In New Jersey, more than 1.5 million people are over the age of 65, or about 17 percent of our population. The percentage is expected to continue rising. Most people in this age group want to stay in their communities as they get older — close to families, friends, and other connections in their lives. An AARP poll shows that eight in 10 New Jersey voters would prefer being cared for at home if they ever need help. Yet enabling people to age in place will require fundamental shifts in our towns and cities, everything from transportation to housing to the health care workforce.
Our Quality Institute members repeatedly tell us that supporting New Jersey’s aging population is a priority for them. That’s why our Winter Conference this year will be, “A Framework for an Age Friendly New Jersey.” I urge you all to join us on December 12. Our keynote speaker, Lina Walker, PhD, Senior Vice President for Global Thought Leadership at AARP, will share her insight and ideas for the future, including what other countries are doing to support their aging populations.
After Dr. Walker’s keynote, we’ll hear from expert speakers who will share innovations to support people on the individual level, such as initiatives to enable those with late-stage chronic illnesses to comfortably stay home through Visiting Physician Services and Hospital at Home. And for those who do need to enter a facility, we’ll explore how to make them as person-centered at home as possible.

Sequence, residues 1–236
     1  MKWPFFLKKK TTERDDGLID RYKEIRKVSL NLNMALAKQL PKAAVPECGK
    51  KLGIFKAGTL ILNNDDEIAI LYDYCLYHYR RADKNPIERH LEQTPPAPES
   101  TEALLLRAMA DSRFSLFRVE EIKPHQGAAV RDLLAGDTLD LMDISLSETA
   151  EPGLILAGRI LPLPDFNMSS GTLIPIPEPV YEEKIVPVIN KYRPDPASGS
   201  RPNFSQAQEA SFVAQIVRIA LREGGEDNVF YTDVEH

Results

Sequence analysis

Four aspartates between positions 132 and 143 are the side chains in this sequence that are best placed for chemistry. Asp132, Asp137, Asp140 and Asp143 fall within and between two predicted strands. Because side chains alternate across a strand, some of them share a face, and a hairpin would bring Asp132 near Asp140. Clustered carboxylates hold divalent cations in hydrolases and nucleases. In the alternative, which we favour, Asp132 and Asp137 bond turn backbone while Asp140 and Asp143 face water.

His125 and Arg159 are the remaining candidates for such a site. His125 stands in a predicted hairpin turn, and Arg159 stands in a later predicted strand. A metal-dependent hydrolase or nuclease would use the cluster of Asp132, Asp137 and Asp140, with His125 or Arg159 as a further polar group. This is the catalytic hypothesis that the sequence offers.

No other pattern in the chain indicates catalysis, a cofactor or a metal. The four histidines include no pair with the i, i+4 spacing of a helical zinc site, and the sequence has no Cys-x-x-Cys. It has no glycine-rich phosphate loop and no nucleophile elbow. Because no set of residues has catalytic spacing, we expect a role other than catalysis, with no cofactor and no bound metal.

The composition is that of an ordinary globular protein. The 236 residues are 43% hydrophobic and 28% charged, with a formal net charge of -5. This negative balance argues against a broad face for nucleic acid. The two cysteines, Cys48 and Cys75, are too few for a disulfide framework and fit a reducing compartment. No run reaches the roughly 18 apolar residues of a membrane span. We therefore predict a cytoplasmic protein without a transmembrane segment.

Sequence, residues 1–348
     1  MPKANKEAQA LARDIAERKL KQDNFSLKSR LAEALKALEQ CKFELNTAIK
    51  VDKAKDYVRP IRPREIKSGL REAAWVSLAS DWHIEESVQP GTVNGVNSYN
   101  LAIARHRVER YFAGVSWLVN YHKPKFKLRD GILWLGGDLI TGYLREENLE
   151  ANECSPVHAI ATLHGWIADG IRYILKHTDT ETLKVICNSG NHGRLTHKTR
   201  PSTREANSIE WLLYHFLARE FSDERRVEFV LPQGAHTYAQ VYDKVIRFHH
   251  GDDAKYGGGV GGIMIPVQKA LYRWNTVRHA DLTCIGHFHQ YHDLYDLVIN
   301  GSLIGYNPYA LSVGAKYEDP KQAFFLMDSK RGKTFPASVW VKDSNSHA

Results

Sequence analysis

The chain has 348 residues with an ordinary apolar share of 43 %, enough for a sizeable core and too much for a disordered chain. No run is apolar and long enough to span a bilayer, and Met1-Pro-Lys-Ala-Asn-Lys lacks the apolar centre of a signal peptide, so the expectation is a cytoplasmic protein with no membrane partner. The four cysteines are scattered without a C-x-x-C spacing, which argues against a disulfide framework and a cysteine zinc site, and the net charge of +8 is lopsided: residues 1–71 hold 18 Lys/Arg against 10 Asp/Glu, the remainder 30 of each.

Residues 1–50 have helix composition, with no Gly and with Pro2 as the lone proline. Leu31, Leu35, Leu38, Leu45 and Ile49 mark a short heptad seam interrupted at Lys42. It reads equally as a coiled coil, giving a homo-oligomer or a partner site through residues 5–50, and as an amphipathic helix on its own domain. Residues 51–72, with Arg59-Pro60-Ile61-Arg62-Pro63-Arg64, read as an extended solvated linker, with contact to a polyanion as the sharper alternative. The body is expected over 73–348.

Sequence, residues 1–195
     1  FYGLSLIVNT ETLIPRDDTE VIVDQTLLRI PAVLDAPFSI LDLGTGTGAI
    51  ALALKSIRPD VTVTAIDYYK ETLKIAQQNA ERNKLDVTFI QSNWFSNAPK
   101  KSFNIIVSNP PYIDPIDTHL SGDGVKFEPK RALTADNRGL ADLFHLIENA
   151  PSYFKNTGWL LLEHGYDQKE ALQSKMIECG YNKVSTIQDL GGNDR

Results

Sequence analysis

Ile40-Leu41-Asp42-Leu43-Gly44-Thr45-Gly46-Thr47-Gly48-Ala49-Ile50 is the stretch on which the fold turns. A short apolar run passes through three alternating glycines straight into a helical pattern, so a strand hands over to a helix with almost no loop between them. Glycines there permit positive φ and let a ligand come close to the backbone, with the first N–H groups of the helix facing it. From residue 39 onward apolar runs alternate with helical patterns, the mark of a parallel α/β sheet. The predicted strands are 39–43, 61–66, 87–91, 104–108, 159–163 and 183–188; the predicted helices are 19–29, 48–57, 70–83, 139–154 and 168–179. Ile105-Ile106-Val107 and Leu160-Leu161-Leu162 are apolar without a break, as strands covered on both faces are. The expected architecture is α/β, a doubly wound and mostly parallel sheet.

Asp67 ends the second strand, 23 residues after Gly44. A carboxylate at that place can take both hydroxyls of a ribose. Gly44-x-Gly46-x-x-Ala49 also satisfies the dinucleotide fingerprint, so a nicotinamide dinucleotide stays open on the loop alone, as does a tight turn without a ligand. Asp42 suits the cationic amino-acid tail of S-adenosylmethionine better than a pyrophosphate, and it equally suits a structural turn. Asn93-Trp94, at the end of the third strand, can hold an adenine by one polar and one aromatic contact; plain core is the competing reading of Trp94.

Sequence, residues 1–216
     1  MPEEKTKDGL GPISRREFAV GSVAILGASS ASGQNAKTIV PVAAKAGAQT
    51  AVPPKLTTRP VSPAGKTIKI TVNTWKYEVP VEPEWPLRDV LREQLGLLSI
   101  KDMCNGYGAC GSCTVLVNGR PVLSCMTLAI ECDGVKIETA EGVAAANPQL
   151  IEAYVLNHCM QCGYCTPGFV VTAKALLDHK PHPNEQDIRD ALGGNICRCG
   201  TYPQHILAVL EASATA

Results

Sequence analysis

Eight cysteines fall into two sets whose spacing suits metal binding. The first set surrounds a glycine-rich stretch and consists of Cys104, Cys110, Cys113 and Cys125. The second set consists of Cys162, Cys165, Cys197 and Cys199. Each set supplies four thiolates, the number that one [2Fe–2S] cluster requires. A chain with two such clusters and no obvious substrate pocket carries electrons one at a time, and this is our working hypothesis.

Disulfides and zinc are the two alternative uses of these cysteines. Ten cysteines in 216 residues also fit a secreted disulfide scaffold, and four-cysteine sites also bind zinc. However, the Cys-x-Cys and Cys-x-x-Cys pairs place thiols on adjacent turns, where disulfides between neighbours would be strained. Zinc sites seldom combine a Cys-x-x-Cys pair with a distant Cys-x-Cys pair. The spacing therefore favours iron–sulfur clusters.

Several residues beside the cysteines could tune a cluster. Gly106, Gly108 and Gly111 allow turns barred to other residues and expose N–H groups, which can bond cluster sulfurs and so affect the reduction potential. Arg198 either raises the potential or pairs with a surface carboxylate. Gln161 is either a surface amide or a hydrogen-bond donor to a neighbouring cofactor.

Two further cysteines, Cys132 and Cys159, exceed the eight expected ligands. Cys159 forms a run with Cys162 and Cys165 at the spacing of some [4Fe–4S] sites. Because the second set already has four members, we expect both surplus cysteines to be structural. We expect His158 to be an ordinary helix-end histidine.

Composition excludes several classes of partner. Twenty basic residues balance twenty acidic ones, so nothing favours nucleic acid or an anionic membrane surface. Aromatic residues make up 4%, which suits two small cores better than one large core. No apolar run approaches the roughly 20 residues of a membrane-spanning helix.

We’ll move onto how we can plan for larger initiatives that build or adapt environments that consider the needs of older people. Our panel of experts will address housing, transportation, food support and other fundamental elements of our communities. Through the Quality Institute’s Mayors Wellness Campaign, we’ve heard from mayors who are looking for opportunities to make their communities more age friendly. Places where older residents can thrive need transportation options for those who don’t drive, physical and social activities, amenities such as parks and safe streets as well as affordable housing. At the conference, we’ll also discuss the necessary workforce and how technology can supplement the care and connectivity people need.
Planning organizations, such as NJ Future, and advocacy groups, such as AARP, have been putting together resources to support these efforts. We want to ensure that these efforts are top of mind for the entire health care community and policy makers to accelerate this important work. In particular, the health care workforce, access to care, and affordable housing are issues that must be addressed.
To bolster the health care workforce needed for our aging population, the Quality Institute, with support from The Henry and Marilyn Taub Foundation, has joined forces with the Essential Jobs, Essential Care New Jersey coalition to support and grow the direct care workforce, including home health aides, personal care aides, nurse aides, and direct support professionals.
Our conference will bring together leaders to create the partnerships and collaborations to build the sustainable and creative solutions we need for the future. There will be time for a Q & A as well as networking. You can learn about our speakers in this newsletter and register for the conference. I hope you can join us.